Demo Driver 8: DreadOut
I’ve long had massive reservations regarding the whole concept behind Steam’s Greenlight service, but another one popped into my head as I played this game. I’ve seen plenty of games flooded with negative user reviews over trivial technical issues or the usual impotent gamer publisher rage (Ubisoft, EA, Activision, pick your villain of the week), but pretty much any greenlighted game is filled with positive reviews. Because of course it is, because there’s a built-in pile of players who wanted to play the game and now they can. Regardless of whether it’s very good or not.
DreadOut is not actively a bad game from the demo, at least, but neither is it a tremendously good one. It’s got visual character for miles, and it’s the sort of thing that draws you in quickly, but actually playing the game falls victim to all of the tired tropes of survival horror without adding anything of interest besides. Or to put it a bit more bluntly, it’s the sort of game that’s only going to appeal to fans who will buy almost anything that has a horror tag attached to it.
Let me say, though, that the demo starts out with a somewhat cliche but remarkably effective opening. The protagonist, Linda, wakes up in an old rocking chair to the sound of a phone buzzing, a very familiar noise if you’ve ever had a phone on vibrate in another room. You’re in a room, it’s clearly not meant for regular habitation, you pick up the phone… and someone picks up on the other end, bubbly and full of energy, then oddly repeating and distorted…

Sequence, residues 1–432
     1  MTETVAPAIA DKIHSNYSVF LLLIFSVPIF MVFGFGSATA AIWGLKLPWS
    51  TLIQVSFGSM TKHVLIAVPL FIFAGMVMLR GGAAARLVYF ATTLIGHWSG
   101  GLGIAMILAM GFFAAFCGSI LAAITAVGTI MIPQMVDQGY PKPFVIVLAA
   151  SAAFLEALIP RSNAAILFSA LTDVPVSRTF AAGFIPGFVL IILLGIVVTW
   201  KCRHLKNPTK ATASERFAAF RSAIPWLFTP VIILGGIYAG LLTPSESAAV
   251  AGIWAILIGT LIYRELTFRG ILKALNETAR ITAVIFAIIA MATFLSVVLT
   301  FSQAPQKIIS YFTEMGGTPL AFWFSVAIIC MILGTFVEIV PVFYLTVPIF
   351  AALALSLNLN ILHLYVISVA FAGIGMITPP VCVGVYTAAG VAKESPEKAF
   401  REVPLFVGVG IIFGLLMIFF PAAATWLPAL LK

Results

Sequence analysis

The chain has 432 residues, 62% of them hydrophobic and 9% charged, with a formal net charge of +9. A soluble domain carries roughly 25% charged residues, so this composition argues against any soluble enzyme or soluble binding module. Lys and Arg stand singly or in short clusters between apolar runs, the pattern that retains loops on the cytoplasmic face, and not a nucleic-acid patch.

There’s a moment during that phone call where the image of the person on the other hand cuts away for a fraction of a second to the face of a screaming, long-haired ghost, not as a jump scare but simply as a sign that something isn’t right. But it’s not a complete picture, either, just a glimpse. That is effective pacing, allowing you to catch a glimpse of what’s stalking you without letting you turn a light on it, keeping the vagueness to cover what’s going on. I was in for the ride, without a doubt.
A shame, then, that the rest of the ride didn’t live up to that promise. Take two steps outside of the building, and yes, it’s Fatal Frame with a different cultural backdrop; a friend in the region informs me that the game is so dedicated to Indonesian horror tropes that it probably has a shrine to them in its bedroom.
The area you walk into is a series of narrow walkways, and by “a series” I of course mean “two of them with a single connector.” Everything else is blocked off by that greatest of obstacles, the waist-high fence with an apparently unlocked gate. What is our protagonist to do? Well, hold her smartphone up and take a picture of a ghost. There’s a ghost somewhere in the area, you see. Take a picture of it, otherwise it sneaks up and kills you a la the sudden deaths in Slender, albeit without the free-roaming exploration wherein you’re trying to find something before your inevitable demise.